Swiss watch exports start to wind down
The value of watch exports took a sharp downturn in November, falling by 15.3 per cent in what is traditionally the best month of the year.
The Federation of the Swiss Watch Industry in Biel reported that the value had fallen to SF1.52 billion ($1.42 billion) from SFr1.79 billion the year before.
In a statement on Thursday, the federation said the decline “clearly illustrates the curb on growth suffered by the industry as a result of the world economic climate”.
Exports of wristwatches fell by 15.1 per cent in value terms, with 500,000 fewer watches leaving Switzerland. The downturn affected all materials with the exception of platinum, it reported.
All price segments showed declines; the downturn was about ten per cent below the SFr200 price point, slightly more than 20 per cent between SFr200 and SFr500, and about 30 per cent for watches costing between SFr500 and SFr3,000.
Wristwatches costing more than SFr3,000 also posted a reduction, though not as steep at -5.4 per cent by value.
“Whispers that November data might not be as bad as expected were clearly wrong and we would expect pressure on watchmakers [and the branded goods sector] as a result of the data,” commented analyst Jon Cox at Kepler Capital Markets.
In a related development, total exports from Switzerland fell by 11.3 per cent in real terms in November to SFr16.61 billion. Imports were also down to SFr14.46 billion. Overall Switzerland ran a trade surplus of SFr2.15 billion.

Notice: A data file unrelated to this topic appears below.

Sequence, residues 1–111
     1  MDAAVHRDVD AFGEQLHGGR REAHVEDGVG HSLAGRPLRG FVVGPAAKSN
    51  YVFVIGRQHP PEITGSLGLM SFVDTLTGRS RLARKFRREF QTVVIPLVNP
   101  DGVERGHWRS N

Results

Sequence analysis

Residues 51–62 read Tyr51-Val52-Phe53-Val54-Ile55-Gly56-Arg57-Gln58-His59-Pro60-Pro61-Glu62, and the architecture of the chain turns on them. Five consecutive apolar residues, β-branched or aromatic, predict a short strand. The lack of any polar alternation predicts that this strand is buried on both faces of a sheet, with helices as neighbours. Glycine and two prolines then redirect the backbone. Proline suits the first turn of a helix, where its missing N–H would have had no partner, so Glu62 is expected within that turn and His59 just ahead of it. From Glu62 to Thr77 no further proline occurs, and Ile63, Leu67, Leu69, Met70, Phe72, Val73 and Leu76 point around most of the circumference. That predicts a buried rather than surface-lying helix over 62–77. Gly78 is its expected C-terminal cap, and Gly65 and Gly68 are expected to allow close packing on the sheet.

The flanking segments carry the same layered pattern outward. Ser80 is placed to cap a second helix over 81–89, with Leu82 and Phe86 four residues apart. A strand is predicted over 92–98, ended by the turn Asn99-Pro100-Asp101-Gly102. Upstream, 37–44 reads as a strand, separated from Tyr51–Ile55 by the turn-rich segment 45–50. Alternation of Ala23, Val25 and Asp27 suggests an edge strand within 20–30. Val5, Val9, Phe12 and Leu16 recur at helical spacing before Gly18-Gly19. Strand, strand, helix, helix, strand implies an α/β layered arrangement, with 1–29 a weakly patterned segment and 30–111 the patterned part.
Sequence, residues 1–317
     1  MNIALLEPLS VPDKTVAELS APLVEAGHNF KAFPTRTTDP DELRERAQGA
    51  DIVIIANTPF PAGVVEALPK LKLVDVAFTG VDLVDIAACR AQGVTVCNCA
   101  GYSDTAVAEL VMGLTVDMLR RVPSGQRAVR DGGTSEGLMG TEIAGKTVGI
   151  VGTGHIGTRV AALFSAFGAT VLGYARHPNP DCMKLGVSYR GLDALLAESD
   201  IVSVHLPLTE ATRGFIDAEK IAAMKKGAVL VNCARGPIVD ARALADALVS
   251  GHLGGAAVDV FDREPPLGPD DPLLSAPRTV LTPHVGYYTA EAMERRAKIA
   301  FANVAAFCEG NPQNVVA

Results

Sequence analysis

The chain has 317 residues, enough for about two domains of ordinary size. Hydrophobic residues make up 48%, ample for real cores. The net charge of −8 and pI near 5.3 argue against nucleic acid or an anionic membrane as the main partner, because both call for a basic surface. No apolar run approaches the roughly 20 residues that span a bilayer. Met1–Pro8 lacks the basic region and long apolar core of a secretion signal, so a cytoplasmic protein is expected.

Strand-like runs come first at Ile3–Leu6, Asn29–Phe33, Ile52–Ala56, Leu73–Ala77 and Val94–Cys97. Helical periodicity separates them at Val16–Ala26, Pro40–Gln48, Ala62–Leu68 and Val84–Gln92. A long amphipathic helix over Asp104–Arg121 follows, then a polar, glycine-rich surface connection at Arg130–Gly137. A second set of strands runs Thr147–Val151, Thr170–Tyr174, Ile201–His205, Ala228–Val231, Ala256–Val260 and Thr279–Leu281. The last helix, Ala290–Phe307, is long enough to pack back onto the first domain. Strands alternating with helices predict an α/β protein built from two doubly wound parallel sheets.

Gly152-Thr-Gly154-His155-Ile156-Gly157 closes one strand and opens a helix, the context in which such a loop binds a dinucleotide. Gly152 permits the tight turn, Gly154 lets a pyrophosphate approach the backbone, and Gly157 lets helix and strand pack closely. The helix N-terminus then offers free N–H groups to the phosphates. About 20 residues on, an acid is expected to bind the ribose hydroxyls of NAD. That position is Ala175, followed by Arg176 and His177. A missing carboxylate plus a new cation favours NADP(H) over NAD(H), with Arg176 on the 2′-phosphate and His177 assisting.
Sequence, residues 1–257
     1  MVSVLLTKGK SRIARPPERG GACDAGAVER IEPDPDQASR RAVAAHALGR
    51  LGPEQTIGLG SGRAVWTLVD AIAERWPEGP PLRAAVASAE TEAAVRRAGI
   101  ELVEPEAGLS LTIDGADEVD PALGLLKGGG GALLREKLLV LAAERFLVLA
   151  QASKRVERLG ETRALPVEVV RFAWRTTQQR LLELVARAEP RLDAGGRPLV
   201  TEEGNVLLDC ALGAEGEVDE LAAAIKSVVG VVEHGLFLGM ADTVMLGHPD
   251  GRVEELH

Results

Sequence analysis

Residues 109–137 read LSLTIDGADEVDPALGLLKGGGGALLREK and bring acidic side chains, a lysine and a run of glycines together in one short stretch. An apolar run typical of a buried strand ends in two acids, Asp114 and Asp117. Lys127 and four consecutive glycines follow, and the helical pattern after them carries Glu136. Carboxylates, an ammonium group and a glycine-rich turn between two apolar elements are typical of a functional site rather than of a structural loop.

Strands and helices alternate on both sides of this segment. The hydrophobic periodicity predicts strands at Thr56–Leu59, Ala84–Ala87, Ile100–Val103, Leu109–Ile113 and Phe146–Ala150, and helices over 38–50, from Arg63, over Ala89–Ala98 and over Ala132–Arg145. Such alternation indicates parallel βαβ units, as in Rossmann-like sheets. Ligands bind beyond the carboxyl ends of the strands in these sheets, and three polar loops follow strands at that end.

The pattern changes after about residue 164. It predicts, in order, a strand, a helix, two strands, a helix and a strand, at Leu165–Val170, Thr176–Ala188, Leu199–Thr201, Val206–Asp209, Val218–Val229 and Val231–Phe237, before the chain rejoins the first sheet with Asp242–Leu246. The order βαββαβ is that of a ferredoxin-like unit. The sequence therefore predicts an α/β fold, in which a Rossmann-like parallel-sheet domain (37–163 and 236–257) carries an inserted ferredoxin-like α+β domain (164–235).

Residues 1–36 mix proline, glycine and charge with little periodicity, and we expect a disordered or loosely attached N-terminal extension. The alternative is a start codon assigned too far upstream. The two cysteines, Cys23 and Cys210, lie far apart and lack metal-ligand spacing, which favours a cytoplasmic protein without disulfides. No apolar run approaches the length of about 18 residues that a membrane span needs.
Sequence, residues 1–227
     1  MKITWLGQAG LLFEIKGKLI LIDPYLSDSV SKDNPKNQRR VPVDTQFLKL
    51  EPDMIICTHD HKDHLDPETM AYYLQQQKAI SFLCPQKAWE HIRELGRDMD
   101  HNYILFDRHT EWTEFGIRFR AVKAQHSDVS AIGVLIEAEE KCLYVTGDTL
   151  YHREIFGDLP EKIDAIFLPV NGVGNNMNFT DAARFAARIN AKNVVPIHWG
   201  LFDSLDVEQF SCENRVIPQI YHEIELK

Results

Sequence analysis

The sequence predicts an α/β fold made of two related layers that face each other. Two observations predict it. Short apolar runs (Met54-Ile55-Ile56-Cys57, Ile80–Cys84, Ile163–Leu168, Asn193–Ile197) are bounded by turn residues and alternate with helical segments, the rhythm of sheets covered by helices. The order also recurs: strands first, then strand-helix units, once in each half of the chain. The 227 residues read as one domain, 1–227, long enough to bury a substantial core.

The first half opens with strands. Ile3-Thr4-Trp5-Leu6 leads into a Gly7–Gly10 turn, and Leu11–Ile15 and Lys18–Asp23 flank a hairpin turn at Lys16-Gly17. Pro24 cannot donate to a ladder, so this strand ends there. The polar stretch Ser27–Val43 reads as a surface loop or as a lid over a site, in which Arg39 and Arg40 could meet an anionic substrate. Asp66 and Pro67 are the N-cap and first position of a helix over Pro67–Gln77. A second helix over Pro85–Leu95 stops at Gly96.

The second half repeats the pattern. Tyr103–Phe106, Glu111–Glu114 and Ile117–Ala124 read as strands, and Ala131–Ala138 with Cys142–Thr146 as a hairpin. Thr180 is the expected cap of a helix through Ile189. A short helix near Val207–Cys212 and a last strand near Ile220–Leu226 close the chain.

In a statement on the figures, the Federal Customs Office noted that there were two working days fewer than in November 2007.
Analyst Fabian Heller at Switzerland’s second-largest bank, Credit Suisse, commented that the figures were “just not good”.
“The downturn is continuing though the absolute level of exports and imports is still high… All industries are seeing fading demand.”
“However, net exports could still support growth as imports are weakening even stronger,” he added.
David Marmet at the Zurich Cantonal Bank said that Switzerland’s trade balance was “still strong”.
“Our trading partners are in big trouble, though Switzerland has been some sort of an island of happiness until recently. Now we see the downturn across the board.”
“Switzerland is closely tied to the fortunes abroad. But the economy is healthy and there is hope that it can recover quickly.”
He said the bank was forecasting a 0.3 per cent decline in the economy for 2009, which looked “realistic though the risks have risen”.
In other economic news on Thursday, the Federal Statistics Office came out with figures showing that Swiss retail sales rose 2.9 per cent in October compared with the same month last year.
In the first ten months of the year, retail sales were 3.3 per cent higher in real terms than in the comparable period in 2007.
“It is surprising how well Swiss consumers are holding up. The low unemployment is supporting spending. But this will change in the coming months,” commented analyst Alessandro Bee at Bank Sarasin.
He added that fading foreign demand was “hitting hard” but Switzerland would survive the recession better than other countries because consumption was supporting the economy.
“We are less pessimistic for Switzerland than for the euro zone.”
swissinfo with agencies
Imports: SFr14.46 billion
Exports: SFr16.61 billion
Balance: SFr2.15 billion
Imports: SFr16.34 billion
Exports: SFr18.3 billion
Balance: SFr1.95 billion
The Federal Statistics Office statement said the strongest rise in nominal terms was recorded for food.
Sales of healthcare and beauty products were up by 5.5% and spending on household goods was 4.8% higher.
Only the sales of personal accessories and for culture were down, by 10.2% and 1.3% respectively.
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